Discovering Google Earth

I finally got to install this thing, and I’m overwhelmed. The feeling you get when you look at a place where you were standing a year ago (a cliff above a botanical garden near Cape Town, 34°20’42.52″S, 18°55’39.40″E) is nothing but godlike. It is like an upgraded view from a plane, except that while sitting in a plane you can’t zoom and rotate. I can see myself driving in a car somewhere in SA (I’m going again this Christmas I hope), pausing to take a look at my notebook, and seeing – now this valley nearby looks pretty, let’s have a small detour… Wow. Strongly recommended.

When I get to process photos from my two previous SA trips, you’ll be probably getting coordinates for every picture :)

Update: I got stuck at it for the whole day, and today I’m getting stuck again. This is a way to make geography an interesting subject in schools. It is a way to fall in love with this planet, if you don’t already love it here. It is a way to understand how it works – you can see the land of India colliding with Asia, and how the Himalaya comes out of that as a drapery on a blanket. You can see the lungs of this planet, the forest of Amazonia, with it’s fields of cloud and the cancer of deforestation – which, seen like this, looks really scary. You can see huge volcanoes in South America. Colors and fractal shapes everywhere. And then the work of humans. Look how huge is Tokyo and it’s surroundings. Look at the amount of smog above Shanghai. Look at the detailed cities of North America and western Europe. Awesome. Google Earth seems to be an amazing achievement. They have done it again. They’ve succeeded in changing the perspective of how we perceive information. I’ll be hungrily awaiting each new detailed place. Thanks, Google! By the way, I started adding some content in Czech rep., which was (until now at least, ha ha) quite poor on information signs.

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DIY Carnival 3.5

DIY Carnival 3.5 in Prague, partly a street rave, partly a protest against the prime minister Paroubek and minister Bublan, who still don’t want to give in after the messed up Czechtek party, was pretty good. Photos are here.

I have come to Vltavska metro station to take a tram up to Hradcanska and then go by foot to Strahov, where the carnival should start. Since there was a football match this evening on Letna, there were a few young guys who came out of the metro with me. Outside on the tram station, we heard a cry and about 200 bald fans of FC Banik Ostrava appeard running to the station around a corner. As they spotted the Prague fans, they went straight for them and started beating them up. You could hear sirens and police cars started to arrive in large numbers. What a start for the carnival. Since I wasn’t dressed like a football fan, the violence swept past me without anyone taking notice of me or any of the other people waiting for the tram, and so I went to Strossmayerovo Namesti and took a tram across Letna to Hradcanska. I was a bit afraid I might encounter more “fans” on the way, and I did, but without any incidents.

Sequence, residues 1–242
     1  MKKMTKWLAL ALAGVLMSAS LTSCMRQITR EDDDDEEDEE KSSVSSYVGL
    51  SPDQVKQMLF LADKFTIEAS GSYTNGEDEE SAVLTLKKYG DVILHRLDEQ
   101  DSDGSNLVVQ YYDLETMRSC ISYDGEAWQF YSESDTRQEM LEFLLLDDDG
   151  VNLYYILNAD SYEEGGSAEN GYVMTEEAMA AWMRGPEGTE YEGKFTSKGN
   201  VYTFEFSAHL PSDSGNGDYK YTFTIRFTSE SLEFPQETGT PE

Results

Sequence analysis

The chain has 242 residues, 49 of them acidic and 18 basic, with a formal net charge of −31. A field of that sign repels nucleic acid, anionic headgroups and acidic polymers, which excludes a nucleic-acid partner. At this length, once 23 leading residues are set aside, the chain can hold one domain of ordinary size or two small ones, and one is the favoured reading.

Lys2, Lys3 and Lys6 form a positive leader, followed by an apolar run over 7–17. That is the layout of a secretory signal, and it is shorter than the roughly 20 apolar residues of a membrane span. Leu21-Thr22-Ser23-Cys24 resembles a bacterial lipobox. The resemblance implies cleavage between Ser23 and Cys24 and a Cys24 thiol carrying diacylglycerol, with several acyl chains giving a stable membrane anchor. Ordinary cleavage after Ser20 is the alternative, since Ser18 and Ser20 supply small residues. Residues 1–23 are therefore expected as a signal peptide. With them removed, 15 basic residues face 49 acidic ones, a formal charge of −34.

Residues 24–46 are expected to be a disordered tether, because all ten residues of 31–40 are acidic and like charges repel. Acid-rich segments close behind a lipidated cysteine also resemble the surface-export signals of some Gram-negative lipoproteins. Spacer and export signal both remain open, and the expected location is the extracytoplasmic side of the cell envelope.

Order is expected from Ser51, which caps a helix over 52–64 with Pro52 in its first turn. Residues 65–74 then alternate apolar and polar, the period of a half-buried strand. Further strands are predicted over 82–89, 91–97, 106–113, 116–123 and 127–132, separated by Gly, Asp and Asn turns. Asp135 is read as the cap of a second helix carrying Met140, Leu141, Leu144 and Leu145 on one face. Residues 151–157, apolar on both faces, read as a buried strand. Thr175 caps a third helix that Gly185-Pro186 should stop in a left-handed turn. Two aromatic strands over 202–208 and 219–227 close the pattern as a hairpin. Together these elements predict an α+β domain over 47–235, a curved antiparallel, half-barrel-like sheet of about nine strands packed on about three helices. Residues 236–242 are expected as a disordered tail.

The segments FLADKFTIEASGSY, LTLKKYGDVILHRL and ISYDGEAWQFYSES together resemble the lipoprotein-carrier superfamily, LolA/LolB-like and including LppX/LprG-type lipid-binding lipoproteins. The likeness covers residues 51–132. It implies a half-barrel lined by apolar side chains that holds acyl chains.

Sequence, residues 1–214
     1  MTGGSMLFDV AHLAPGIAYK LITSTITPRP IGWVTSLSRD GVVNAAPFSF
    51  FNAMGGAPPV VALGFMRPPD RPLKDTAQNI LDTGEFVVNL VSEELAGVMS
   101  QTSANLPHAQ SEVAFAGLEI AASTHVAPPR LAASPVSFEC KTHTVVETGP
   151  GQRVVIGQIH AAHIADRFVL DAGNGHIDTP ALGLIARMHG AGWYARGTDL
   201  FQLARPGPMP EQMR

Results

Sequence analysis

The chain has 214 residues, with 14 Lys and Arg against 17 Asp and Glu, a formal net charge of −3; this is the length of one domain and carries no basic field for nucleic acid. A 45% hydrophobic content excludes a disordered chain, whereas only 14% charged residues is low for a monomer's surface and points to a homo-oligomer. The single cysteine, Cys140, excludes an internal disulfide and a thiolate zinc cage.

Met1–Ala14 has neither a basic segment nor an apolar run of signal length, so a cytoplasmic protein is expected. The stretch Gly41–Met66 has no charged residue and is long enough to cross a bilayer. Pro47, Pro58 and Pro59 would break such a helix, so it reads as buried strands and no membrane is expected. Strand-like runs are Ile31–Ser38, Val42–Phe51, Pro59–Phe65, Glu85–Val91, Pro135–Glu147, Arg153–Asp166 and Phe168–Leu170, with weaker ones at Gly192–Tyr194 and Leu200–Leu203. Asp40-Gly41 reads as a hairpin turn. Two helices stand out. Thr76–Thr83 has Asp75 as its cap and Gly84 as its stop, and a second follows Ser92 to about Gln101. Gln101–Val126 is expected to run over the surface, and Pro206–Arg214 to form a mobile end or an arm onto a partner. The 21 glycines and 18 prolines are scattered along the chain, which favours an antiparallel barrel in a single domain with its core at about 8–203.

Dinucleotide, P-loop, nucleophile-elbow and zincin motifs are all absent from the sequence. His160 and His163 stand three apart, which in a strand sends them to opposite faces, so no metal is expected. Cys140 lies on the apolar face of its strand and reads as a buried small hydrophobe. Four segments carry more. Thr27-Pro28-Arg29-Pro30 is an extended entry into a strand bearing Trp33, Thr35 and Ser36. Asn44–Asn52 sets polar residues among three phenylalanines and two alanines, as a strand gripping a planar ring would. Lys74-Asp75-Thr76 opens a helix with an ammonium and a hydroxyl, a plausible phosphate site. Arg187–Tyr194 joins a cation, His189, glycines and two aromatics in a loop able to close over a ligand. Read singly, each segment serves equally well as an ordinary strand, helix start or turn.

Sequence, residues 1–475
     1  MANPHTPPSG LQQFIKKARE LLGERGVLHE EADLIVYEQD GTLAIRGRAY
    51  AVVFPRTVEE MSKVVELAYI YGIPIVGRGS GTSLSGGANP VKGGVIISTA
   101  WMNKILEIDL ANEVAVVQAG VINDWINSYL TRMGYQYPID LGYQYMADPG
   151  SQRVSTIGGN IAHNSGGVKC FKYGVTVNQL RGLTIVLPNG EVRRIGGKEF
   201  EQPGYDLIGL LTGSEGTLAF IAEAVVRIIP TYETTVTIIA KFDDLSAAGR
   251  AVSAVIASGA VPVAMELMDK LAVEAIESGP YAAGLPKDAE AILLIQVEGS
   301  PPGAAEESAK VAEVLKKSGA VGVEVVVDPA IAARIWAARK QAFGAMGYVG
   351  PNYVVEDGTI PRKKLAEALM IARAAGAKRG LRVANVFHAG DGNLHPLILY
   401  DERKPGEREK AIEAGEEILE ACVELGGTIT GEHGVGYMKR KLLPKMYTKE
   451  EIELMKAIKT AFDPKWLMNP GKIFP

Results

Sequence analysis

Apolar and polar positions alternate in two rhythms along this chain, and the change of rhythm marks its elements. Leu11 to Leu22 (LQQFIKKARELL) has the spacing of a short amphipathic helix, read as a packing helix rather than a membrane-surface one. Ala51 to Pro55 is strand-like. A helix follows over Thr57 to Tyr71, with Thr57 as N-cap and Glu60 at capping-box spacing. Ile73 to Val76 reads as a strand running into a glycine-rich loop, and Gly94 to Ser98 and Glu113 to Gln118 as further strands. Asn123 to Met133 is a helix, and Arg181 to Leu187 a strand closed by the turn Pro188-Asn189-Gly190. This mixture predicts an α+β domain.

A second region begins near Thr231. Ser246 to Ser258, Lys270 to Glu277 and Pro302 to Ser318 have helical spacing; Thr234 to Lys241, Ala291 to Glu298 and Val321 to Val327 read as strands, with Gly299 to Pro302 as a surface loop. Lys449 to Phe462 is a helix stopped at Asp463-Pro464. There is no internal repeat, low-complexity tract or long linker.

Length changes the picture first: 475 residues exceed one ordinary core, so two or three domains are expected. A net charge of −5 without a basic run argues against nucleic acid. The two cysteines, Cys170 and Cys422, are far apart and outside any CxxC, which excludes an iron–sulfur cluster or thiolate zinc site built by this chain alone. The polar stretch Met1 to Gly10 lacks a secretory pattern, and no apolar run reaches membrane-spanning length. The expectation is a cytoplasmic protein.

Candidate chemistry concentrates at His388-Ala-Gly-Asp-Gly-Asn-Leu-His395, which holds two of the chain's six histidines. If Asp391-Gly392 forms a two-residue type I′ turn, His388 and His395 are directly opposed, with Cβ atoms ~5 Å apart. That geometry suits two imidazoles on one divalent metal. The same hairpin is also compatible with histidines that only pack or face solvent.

I went from Hradcanska to Strahov, and from a distance I could hear overlapping beats of the soundsystems. Masks were often very nice, as you can see in the pictures, some of them were really funny or original (like the snowsleigh, dragged behind a car, metal on which got so hot from the friction that smoke started coming from the wooden part of it). The parade was more then a kilometer long, and went from Strahov down to the river, through the city center and onto the Stvanice island, where it ended. It was quite a walk.

Police took control of traffic, sometimes diverting it and letting it mix with the parade on main crossings in the center. Most drivers were obviously having fun watching us go by, tourists in buses passing along cheered, people were coming out of shops and houses, sometimes joining the parade. Atmosphere was great and I believe whoever joined had a good time. You could see some drunk people, but there weren’t as many of them as we had feared before. At the Stvanice island the music went on for some time.

The atmosphere was similar to the atmosphere on the demonstrations during the summer (reason for them was police action against the Czechtek teknival, worth checking out), but it wasn’t some kind of rigid political protest – it was more like a show what this subculture is about, and although I don’t think it got to all the prejudiced people, who support the police actions, I thing it did have an effect. Despite the fact, that there was almost no media coverage whatsoever – which is unbelievable, for several thousand people marched loudly through the center of Prague, but true. Anyway. Hope to see you next time.

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